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Andre Leon Talley Reportedly Being Evicted From His Home

Vogue legend André Leon Talley is reportedly being dragged out of his $1 million New York home by the former CEO of Manolo Blahnik USA who alleges the former editor is $500,000 behind in rent.

Talley, 72, has long insisted that the historic 11-room colonial home, with sumptuous gardens at 75 Worthington Road, is his own, saying in a New York Times article, “It is my sanctuary.”

However court papers allege that the real owners are Malkemus and his business partner and husband Anthony Yurgaitis, who bought the home in 2004 for just over $1 million.

The pair have known Talley for nearly 40 years. Yet on November 12, 2020, Malkemus, “Commenced a summary non-payment proceeding in White Plains City Court … seeking to evict Talley from the home and for a money judgement against Talley in the amount of $515,872,97 representing alleged arrears,” new court papers state.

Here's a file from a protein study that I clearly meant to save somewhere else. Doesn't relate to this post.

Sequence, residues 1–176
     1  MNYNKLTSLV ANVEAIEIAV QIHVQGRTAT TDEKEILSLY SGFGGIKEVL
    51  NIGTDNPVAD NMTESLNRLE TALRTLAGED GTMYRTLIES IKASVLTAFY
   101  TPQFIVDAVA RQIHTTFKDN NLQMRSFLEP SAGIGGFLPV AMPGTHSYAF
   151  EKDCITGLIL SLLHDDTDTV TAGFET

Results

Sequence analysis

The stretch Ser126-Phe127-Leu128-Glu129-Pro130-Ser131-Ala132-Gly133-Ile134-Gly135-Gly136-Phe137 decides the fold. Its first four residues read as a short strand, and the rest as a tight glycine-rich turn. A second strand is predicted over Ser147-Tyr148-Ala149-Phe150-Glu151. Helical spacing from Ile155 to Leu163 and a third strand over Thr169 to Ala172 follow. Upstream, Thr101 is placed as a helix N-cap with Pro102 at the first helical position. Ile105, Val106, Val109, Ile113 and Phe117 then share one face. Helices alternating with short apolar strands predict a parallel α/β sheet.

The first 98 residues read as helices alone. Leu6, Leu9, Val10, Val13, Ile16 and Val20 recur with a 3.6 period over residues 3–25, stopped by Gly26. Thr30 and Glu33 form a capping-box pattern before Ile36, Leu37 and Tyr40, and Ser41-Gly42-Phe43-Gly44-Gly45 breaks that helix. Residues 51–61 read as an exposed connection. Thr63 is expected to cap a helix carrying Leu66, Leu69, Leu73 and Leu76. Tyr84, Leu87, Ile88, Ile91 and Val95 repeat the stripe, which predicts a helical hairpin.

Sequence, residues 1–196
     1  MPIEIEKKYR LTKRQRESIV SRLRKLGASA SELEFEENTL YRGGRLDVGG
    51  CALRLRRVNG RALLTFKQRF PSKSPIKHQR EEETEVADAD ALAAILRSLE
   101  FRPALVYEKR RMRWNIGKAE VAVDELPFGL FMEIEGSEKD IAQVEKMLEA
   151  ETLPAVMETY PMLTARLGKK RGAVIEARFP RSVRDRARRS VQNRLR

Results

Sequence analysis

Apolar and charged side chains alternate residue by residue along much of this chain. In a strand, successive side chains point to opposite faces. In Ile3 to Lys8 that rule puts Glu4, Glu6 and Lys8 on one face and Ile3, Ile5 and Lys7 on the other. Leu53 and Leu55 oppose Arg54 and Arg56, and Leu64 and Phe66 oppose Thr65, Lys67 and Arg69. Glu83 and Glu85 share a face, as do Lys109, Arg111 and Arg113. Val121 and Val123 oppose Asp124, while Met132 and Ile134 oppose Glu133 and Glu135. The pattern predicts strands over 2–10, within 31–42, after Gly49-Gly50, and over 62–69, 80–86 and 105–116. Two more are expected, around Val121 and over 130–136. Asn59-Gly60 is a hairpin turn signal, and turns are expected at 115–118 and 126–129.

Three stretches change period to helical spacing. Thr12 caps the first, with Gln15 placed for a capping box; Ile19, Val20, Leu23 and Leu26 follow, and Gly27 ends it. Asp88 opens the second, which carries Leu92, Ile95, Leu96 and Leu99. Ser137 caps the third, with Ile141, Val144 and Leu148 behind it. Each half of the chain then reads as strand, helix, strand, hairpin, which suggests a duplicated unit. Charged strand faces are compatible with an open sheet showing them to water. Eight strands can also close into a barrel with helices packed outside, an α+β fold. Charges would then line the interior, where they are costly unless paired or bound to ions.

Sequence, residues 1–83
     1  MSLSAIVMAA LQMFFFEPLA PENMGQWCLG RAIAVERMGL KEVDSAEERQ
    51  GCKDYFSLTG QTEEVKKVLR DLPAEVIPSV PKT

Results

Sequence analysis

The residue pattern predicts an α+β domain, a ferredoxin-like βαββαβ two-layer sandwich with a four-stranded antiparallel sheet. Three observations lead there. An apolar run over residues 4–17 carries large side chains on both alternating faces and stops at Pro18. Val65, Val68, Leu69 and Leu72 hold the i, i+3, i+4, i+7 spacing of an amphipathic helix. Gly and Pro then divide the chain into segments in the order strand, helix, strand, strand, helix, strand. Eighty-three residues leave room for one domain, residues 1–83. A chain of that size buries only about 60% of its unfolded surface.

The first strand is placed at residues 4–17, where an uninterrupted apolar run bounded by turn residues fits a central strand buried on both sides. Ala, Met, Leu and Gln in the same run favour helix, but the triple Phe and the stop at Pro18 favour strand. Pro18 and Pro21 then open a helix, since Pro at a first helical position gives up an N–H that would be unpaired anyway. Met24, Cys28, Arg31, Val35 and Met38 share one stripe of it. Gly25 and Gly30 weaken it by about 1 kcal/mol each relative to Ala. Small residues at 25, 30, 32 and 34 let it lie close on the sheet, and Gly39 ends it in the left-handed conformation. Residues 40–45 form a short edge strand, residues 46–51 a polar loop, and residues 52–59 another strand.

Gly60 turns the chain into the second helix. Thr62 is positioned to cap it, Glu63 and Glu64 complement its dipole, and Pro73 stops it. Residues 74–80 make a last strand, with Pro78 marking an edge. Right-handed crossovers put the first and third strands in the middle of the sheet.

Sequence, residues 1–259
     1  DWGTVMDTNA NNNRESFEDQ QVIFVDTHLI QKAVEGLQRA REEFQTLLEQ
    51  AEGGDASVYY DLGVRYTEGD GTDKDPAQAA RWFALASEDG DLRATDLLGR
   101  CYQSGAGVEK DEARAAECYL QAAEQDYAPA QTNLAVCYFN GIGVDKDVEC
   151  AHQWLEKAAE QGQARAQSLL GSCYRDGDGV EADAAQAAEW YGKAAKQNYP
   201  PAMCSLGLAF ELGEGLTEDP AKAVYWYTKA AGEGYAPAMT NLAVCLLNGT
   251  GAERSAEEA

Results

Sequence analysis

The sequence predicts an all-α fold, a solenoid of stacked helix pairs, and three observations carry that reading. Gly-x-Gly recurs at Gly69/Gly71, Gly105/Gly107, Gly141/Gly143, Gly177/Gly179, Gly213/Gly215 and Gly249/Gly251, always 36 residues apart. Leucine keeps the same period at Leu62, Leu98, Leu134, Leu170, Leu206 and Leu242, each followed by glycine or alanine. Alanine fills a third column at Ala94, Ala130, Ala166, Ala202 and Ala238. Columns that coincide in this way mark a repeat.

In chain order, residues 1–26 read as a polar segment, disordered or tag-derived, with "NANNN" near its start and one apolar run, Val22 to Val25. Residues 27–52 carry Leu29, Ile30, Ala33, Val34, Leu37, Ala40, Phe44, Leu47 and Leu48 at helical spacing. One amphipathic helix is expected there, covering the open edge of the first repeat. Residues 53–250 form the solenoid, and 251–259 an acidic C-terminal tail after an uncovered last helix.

While Malkemus and Yurgaitis allege Talley is behind in rent, the former Vogue editor-at-large’s filing alleges, “This action arises out of the Defendents’ improper attempt to evict Talley from a home … that is rightfully his, so that they may sell the property.”

Andre claims that he has lived at the home since and paid back more than the purchase price, totaling $1,075,588, as of January 2020, with his court papers stating: “He has also paid hundreds of thousands of dollars to third parties to maintain and improve the home.”

Talley’s lawsuit alleges he, Malkemus and Yurgaitis entered into a “gentleman’s agreement” and that Talley would provide a $120,000 down payment and Malkemus and Yurgaitis would “use the down payment and funds of their own to purchase the home for Talley’s benefit.”

“The parties agreed that Talley would exclusively own, occupy and care for the home. It was agreed and always understood that Talley would, over time, ‘pay off’ the balance of the purchase price paid by the defendants at which point title would then formally be transferred to Talley,” the former editor’s legal paper work claims.

The papers detail a highly unusual arrangement that, “while Talley has resided in the home from 2004 to the present, he has made episodic payments to the Defendants that he understood to be equity payments.

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